And it speaks to our longstanding core values of egalitarianism and equality. Labour MPs face the human casualties of the National government’s economic mismanagement in our electorate offices every week. We know the despair felt by ordinary, honest kiwis who can plainly see that John Key’s ‘brighter future’ means one law for them and sweet deals for his mates at the big end of town.

The casino deal is a total disgrace. Clearly John Key and Steven Joyce don’t care.

So, in light of the Deputy Auditor-General’s report, I am publicly calling on SkyCity to formally withdraw their current tender. That should trigger the entire process to restart from the beginning, so it can be run fairly and transparently.

I look forward to SkyCity’s quick, positive and public response.

Extra: David Shearer, Grant Robertson, David Parker and Ruth Dyson all gave excellent speeches on the convention centre deal in Parliament today. Well worth a watch!


Manufacturing in crisis: Why pro-growth tax reform matters

Posted by on November 8th, 2012

During the last two weeks new data has confirmed what we already knew: manufacturing is in crisis. Far more manufacturing businesses are closing than opening and half the manufacturers that started up in 2008 have since gone bust. Iconic Kiwi manufacturer Fisher & Paykel Appliances has been sold offshore and will be delisted from the stock exchange. Advanced crystals manufacturer Rakon has laid off 60 hardworking New Zealanders. Dynamic Controls, a leader in high-tech mobility systems, is moving to close their New Zealand plant.

At the same time the overheated property market in Auckland is rearing its head again.

And just today we learned unemployment has climbed to a horrific 7.3%. Change is clearly needed in New Zealand.

Reform starts with the realisation that the current tax system has a fundamental and inappropriate bias towards speculation and against production and exports. So it is timely to note what a pro-growth tax package should contain, and why it matters to New Zealand’s manufacturing sector economic development.

New Zealand is one of only 3 OECD countries that does not have a capital gains tax and, as my colleague David Parker has noted, both the OECD and the IMF have reminded us this creates real problems.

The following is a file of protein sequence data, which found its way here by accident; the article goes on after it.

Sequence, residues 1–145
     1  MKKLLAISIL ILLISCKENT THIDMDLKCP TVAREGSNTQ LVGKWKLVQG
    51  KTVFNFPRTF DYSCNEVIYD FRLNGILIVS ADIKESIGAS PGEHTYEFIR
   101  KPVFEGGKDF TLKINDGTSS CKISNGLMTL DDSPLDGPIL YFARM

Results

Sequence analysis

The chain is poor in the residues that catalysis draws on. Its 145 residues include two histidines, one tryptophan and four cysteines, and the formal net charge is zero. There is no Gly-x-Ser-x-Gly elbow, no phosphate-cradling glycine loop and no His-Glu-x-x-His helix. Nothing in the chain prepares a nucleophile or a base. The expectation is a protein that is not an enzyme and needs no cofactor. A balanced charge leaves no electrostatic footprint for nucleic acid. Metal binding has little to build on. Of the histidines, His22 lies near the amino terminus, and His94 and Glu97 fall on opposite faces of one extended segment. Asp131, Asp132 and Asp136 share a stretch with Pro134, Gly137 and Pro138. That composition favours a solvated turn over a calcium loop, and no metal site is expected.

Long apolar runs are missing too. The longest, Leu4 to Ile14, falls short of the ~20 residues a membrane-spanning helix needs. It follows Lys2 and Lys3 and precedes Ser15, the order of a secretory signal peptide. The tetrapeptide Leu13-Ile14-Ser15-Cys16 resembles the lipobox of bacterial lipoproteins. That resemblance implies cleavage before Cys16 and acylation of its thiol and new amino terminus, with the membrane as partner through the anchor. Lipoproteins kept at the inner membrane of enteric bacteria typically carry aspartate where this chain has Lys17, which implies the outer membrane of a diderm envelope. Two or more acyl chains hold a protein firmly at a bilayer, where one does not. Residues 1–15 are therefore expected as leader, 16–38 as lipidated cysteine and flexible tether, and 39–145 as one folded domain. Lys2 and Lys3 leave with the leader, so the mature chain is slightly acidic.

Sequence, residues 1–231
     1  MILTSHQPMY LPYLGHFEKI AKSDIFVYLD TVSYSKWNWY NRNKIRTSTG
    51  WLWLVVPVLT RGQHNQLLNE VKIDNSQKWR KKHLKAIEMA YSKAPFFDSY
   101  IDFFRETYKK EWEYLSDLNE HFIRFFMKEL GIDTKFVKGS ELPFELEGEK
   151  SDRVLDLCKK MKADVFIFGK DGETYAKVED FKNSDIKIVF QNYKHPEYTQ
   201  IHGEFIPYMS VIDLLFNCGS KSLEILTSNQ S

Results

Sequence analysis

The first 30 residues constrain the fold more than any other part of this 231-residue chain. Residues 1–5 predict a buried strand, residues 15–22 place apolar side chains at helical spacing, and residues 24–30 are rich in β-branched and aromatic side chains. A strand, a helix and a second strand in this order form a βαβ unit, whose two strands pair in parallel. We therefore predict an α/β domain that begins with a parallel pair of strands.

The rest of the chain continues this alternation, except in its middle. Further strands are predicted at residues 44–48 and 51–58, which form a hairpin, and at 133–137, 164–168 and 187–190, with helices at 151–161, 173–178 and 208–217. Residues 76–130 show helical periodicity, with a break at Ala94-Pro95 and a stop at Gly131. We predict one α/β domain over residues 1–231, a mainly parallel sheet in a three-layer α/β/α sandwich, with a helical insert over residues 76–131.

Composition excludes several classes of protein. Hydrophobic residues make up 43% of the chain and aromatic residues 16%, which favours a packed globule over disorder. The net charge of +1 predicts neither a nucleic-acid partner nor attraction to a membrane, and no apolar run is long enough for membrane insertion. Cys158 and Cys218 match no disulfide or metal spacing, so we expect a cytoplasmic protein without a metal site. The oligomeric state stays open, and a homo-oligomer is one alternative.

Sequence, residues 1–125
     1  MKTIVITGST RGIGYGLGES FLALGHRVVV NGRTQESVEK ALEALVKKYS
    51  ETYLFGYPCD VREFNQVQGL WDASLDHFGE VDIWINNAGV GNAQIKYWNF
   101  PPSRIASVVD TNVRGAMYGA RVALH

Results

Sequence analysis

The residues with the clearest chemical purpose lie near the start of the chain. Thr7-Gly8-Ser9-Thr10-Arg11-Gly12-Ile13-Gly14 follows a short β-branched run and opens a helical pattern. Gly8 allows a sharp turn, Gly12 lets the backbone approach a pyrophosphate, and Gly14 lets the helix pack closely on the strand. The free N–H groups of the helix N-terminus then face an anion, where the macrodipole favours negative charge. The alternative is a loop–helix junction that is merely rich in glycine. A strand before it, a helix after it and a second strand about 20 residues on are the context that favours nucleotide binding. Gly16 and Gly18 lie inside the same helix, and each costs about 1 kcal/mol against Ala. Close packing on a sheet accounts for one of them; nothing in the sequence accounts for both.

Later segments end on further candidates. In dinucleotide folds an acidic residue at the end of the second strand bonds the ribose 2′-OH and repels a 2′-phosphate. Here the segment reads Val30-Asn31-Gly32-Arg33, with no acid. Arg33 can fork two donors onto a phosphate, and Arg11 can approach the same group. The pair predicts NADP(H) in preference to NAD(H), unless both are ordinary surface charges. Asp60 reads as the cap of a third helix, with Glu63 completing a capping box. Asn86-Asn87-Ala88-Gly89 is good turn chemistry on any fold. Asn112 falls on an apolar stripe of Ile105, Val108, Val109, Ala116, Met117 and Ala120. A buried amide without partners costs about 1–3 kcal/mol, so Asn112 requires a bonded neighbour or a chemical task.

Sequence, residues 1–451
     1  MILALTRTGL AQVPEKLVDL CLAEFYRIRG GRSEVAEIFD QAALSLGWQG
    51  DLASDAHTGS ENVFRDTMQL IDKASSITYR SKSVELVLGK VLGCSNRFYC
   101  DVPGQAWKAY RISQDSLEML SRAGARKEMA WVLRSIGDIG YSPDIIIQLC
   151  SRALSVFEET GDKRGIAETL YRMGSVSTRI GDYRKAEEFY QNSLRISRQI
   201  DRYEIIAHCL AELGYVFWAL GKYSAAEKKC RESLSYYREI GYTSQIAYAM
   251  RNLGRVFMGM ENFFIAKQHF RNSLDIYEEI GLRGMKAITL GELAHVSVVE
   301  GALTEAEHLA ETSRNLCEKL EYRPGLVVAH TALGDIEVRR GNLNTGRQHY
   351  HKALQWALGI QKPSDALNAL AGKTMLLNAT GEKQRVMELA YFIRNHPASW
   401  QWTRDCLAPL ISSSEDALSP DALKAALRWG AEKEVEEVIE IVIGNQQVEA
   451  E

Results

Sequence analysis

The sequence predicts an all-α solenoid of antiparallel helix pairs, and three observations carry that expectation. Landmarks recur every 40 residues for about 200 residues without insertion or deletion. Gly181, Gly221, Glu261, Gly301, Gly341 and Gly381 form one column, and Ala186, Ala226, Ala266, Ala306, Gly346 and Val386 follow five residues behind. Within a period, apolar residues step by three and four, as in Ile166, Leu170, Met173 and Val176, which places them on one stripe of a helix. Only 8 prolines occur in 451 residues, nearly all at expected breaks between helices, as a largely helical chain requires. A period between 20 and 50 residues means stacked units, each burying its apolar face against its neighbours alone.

Why should every dollar that you and I earn in wages or business profits be taxed, while nearly every dollar arising from gains in the value of property or shares or business ownership is tax free?

It’s not fair. And it’s just  not good for the economy either.

Making property speculation tax-free drives money into the property sector, meaning more competition to buy properties, meaning rents go up, and meaning young families are locked out of home ownership.

Making capital gains on business disposals tax-free simply makes an incentive for entrepreneurs to sell their businesses offshore, instead of growing taxable profits and creating jobs in New Zealand. A case in point is the “accountant farmer” who collects farms to realise capital gains, instead of farming to make sustainable profits.

A simple capital gains tax can help move the distortion that currently exists because of our biased tax system.

Without a CGT, the National Government is penalising innovators, meaning the positive spill-overs to our economy of a healthy innovation system are never fully captured by the innovators themselves. Capital is too scarce for young companies trying to commercialise research and development, and too many sell up early and lose their intellectual property to offshore buyers.

That’s why Labour believes a realisation-based, first-home-exempt fair capital gains tax is a no-brainer. All our polling indicates a New Zealanders are coming to agree.

Pro-growth tax reform also means giving our innovators a break; recognising the huge spill-over effects for our economy from a healthy innovation ecosystem.

R&D tax credits create a positive incentive (as opposed to the negative incentive around property). They encourage companies to look forward to future opportunities and help create a more neutral and long sited production environment and create high-value jobs.